Terrorists shoot dead five migrant labourers in Jammu and Kashmir: Killings reminiscent of 1990s, but militants also resorting to new strategies
Terrorists in the Kashmir Valley have repeatedly attacked people from other states over the past three decades.
The terrorist attack on migrant labourers in Jammu and Kashmir's Kulgam, which left five people dead, is a worrying portent for the near future.
The systematic targeting of civilians, particularly migrants from outside the state, is a throwback to the early-to-mid 1990s, the most violent phase of the Kashmir conflict.
While the targeting of migrants by terrorists is reminiscent of the 1990s, there are some major differences in the nature of the conflict at present.
The terrorist attack on migrant labourers in Jammu and Kashmir's Kulgam, which left five people dead, is a worrying portent for the near future. With this attack, a total of eleven people from outside Jammu and Kashmir have been killed by terrorists in just two weeks.
The systematic targeting of civilians, particularly migrants from outside the state, is a throwback to the early-to-mid 1990s, the most violent phase of the Kashmir conflict. While the number of civilian killings in recent years is nowhere near that of the 1990s, the increase in such incidents, particularly after the abrogation of Article 370, should be a cause for alarm.
Violence against civilians over the years
Data from the Union home ministry shows that the most dramatic spike in civilian killings was in 1995, when the number crossed a thousand (1,031, to be precise) for the first time. The figure was 820 in 1994.
The year 1996 saw the highest number of civilians killed, at 1,341. Subsequently, a dramatic decline in such killings was reported after 2003, when a ceasefire between India and Pakistan was agreed upon. From 2003 to 2016, the number of civilians killed saw a drastic drop from 795 to 15. However, the number has again seen a jump since then — 40 civilian casualties in 2017 and 39 in 2018. This increase broadly coincides with large-scale protests following the killing of Hizbul Mujahideen commander Burhan Wani.
Terrorists in the Kashmir Valley have repeatedly attacked people from other states over the past three decades, and many individual stories bear this out. An India Today report from April 1990 mentions the ordeal of a retired subedar whose tenant was gunned down in Srinagar's Karan Nagar. Subsequently, according to the report, the subedar also received a death threat while at work. He did not even go back home, and his daughters loaded the family's belongings into a truck within a few hours. The family then went straight to a refugee camp in Jammu.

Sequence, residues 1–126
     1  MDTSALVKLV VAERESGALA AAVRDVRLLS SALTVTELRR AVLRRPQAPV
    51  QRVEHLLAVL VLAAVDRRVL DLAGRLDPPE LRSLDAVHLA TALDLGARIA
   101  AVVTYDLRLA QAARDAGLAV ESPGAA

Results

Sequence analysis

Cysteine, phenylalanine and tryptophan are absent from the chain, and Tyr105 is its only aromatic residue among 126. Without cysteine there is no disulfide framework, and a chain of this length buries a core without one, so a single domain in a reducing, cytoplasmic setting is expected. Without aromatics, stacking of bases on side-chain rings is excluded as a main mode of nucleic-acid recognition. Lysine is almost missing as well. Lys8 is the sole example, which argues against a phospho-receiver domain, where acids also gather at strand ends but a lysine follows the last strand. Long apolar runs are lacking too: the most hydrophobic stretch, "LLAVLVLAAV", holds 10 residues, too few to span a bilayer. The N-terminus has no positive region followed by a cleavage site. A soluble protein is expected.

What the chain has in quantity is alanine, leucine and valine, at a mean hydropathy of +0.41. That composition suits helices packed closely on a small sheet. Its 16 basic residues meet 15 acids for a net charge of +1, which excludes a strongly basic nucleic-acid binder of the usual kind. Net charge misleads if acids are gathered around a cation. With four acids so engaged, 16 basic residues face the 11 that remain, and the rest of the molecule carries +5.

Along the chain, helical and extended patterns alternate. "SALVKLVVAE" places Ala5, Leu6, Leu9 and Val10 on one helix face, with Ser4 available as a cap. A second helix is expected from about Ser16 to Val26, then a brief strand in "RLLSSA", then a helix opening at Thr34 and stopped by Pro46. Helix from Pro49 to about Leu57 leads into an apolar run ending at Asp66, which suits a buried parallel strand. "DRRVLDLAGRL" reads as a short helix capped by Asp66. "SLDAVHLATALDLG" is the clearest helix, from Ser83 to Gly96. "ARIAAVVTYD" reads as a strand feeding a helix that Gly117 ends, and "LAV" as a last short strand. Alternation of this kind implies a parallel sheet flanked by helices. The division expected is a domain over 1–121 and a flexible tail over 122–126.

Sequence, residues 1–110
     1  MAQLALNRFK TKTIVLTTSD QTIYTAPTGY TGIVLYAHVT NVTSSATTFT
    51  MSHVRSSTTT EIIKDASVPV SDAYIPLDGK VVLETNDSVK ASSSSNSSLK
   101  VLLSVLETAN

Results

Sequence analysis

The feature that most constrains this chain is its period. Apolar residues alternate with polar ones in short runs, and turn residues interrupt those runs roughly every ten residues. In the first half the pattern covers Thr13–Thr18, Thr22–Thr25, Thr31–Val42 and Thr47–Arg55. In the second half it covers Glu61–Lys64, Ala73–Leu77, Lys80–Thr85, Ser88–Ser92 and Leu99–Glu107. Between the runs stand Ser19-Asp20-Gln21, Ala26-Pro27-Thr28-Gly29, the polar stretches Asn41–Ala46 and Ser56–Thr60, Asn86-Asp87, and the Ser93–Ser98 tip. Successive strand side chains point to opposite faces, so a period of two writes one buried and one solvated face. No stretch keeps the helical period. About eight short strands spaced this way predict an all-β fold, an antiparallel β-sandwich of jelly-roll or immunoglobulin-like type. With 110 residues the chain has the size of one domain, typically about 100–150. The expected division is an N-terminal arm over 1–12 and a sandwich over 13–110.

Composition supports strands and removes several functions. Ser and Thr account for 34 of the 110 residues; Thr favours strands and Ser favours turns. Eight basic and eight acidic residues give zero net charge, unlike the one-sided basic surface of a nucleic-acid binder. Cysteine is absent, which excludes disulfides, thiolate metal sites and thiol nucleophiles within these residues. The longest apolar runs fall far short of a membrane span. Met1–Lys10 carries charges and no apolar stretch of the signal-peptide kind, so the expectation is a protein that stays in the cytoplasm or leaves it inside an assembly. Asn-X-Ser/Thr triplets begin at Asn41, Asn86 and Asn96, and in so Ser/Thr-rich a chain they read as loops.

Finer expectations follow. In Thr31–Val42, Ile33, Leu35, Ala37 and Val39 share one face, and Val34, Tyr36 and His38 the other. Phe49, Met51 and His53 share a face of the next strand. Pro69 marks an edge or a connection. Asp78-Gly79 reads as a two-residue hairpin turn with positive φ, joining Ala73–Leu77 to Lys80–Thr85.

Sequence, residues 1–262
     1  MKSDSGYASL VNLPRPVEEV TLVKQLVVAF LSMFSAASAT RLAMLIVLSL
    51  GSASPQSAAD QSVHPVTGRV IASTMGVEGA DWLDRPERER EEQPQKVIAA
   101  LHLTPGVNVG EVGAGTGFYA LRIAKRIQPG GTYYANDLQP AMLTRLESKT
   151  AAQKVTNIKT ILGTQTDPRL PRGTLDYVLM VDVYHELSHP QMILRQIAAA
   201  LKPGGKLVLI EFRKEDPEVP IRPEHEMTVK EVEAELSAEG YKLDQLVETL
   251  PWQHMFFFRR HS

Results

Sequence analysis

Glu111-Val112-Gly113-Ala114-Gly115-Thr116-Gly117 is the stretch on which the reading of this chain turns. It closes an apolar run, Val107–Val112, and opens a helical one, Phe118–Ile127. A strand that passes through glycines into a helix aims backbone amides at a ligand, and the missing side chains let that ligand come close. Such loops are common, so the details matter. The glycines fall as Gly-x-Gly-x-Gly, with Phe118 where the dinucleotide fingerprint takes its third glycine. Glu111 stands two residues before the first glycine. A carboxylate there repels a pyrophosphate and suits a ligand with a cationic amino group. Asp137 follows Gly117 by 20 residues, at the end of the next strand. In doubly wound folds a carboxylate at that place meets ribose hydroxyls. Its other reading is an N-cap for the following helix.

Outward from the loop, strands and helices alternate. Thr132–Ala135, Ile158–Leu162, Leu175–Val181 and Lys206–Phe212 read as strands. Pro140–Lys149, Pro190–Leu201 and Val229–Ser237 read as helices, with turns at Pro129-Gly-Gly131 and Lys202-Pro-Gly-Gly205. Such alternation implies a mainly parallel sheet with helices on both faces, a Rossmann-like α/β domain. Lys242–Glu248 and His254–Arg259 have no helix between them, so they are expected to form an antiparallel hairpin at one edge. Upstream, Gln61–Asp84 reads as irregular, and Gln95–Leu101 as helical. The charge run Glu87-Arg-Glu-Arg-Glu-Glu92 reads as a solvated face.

In 2007 as well, there was a hate campaign against migrants following the rape and murder of a 12-year-old girl in Langate, as noted in this Firstpost article. Two weeks after the child's death, a migrant worker from West Bengal Abdul Kalam was dragged out of his rented room in Drawani, near Shopian in south Kashmir, and shot through the head. Kalam had ignored jihadist calls issued after the child’s death, for outsiders to leave the region. At the time, a Hizbul Mujahideen spokesperson was reported to have said, "The involvement of non-state subjects in criminal activities is increasing almost every day and is pushing the Kashmiri youth to all kinds of social evils."
While the targeting of migrants by terrorists is reminiscent of the 1990s, there are some major differences in the nature of the conflict at present. Mint has quoted former Indian Army officer Srinath Raghavan as saying that now, many ordinary Kashmiris are voicing their disaffection through direct confrontations with the Indian Army, which is more difficult for the army to deal with. He recalled in the 1990s, the army was in direct confrontation with insurgents and civilian deaths were largely "collateral damage".
Further, more and more terrorists are being killed in operations conducted near their native villages, underscoring that the share of local militants is rising. According to an article in Outlook, in 2017, at least 50 militants were killed in operations near their homes. Some senior police officials say that this is because terrorists now use their villages and nearby regions as operational areas, as they know the terrain and the people.
Also, the rise of the Pakistan-backed Jaish-e-Mohammed has also meant the use of different methods to carry out attacks. As another Mint article points out, the JeM's preferred modus operandi is large-scale suicide attacks and IED blasts rather than ambushes. The tactic of carrying out suicide attacks appears to have been inspired by not just the Taliban and Al-Qaeda but also the Islamic State.
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